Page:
(1181) Motacilla citreola citreola.
The Yellow-headed Wagtail.
Motacilla citreola, Pall., Reise Russ. Reich., iii, p. 696 (1776) (Siberia); Blanf. & Oates, ii, p. 298.
Vernacular names. Pani-ka-pilkya (Hind.).
Description. - Summer. Whole head and lower plumage bright yellow, the flanks washed with green; upper plumage ashy-grey more or less tinged with olive, especially the rump and upper tail-coverts ; hind-neck sometimes blackish but the black never extends on to the back ; tail black very narrowly edged with white, the two outer pairs white except for a broad patch of brown down the outer web; wings dark brown, the coverts and inner secondaries very broadly edged with white; the outer secondaries and primaries very narrowly edged with the same ; axillaries and under wing-coverts greenish-grey.
Female in Summer is duller than the male; the back is less pure grey, more brownish, and there is less pure bright yellow on the forehead and sides of the head; it also wants the black collar.
Colours of soft parts. Iris dark brown; bill and feet black.
Measurements. Wing 82 to 90 mm.; tail 74 to 79 mm.; tarsus 25 to 27 mm.; culmen 13 to 14 mm.
In Winter both sexes have the crown grey like the back but rather greener; the forehead, a broad supercilium and the sides of the head are yellow; lores and a line through the eye dusky; ear-coverts mottled with dusky; the breast is more or less mottled with dusky owing to the black bases showing through. The female is generally duller than the male with less yellow on the sides of the head.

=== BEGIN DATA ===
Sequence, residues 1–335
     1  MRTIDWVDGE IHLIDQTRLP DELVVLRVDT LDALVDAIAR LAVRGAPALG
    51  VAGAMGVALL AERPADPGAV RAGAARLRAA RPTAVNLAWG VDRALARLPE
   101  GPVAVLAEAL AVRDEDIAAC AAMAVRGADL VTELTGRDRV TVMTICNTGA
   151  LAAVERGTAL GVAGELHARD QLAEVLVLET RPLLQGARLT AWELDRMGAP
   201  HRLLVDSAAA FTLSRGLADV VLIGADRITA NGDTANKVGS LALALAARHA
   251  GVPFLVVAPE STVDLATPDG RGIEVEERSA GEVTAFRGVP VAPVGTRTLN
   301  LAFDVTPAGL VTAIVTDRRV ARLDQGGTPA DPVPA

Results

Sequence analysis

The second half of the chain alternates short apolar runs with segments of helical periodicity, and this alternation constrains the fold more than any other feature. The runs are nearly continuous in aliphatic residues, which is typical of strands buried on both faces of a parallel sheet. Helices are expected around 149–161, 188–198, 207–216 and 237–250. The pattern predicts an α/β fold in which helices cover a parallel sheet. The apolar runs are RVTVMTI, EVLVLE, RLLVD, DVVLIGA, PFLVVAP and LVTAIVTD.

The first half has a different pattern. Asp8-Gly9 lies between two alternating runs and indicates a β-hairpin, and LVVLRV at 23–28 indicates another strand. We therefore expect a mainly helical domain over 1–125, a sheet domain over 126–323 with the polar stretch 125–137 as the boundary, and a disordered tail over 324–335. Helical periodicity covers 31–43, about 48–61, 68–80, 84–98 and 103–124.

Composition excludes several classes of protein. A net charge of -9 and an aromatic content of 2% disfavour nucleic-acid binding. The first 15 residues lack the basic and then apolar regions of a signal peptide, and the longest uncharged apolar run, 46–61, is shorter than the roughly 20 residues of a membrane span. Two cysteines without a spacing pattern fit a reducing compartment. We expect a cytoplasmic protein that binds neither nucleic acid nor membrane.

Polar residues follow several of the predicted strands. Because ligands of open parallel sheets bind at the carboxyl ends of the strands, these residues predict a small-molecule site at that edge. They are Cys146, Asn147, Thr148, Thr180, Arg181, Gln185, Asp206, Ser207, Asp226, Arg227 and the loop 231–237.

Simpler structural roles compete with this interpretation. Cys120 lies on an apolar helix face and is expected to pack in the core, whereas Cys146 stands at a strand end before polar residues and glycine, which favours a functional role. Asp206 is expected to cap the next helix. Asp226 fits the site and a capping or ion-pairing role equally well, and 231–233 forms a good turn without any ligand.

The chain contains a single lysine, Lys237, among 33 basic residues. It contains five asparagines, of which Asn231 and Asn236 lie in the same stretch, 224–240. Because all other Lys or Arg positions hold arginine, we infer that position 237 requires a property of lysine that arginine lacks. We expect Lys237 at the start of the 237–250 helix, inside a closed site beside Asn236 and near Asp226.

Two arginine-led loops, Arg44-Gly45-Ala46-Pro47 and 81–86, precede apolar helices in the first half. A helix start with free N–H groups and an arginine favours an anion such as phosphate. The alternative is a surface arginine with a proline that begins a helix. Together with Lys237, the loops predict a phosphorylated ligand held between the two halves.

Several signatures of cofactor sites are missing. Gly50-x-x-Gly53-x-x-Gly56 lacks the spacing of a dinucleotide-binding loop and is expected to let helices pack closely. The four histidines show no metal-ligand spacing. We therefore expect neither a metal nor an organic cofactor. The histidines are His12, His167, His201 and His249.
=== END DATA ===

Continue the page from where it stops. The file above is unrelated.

The Young bird is ashy-brown above, the forehead tinged with green; a faint supercilium, sides of head and ear-coverts dull white; a line under the eye and another from the gape blackish-brown ; lower plumage fulvous-white, with a row of brown mottlings down each side of the neck and across the breast.
The adult plumage is assumed very irregularly and many birds of both sexes, especially the females, breed before they have acquired the fully adult colouring.
Distribution. Breeds in Eastern Russia to Turkestan, Amur and South-East Mongolia. In Winter occurs over practically the whole of India as far South as Travancore and Madras. To the East it is found as far as Chittagong, Manipur and Eastern Assam.
Nidification. The Yellow-headed Wagtail breeds in Northern Russia in June but in Siberia from the middle of May to the middle of July. The nest is a neat cup of grass, roots and some¬times a few leaves, scraps of moss etc., very compactly put together and well lined with reindeer hair, goats' hair, wool and sometimes a few feathers. The nests are placed on the ground in swampy meadow-land, or in wet open spaces among willows and birches. Generally they are well concealed and are always built well in among the roots of the grass or bush which protects them. The eggs number four to six, rarely seven, and in colour are pale replicas of those of the Indian Blue-headed Wagtail but are sometimes rather more distinctly speckled or spotted, though usually very uniform in colour. Eighty-two eggs (64 Jourdain) average 19.2 x 14.2 mm,: maxima 21.3 x 15.3 mm.; minima 18.0 x 14.0 and 19.8 x 13.8 mm.
Habits. Very similar to those of the flava group. It is a very common bird in Winter over the greater part of Northern India wherever there are marches, moist cultivation or open green fields. Ticehurst found that some Sind birds had been feeding on small snails.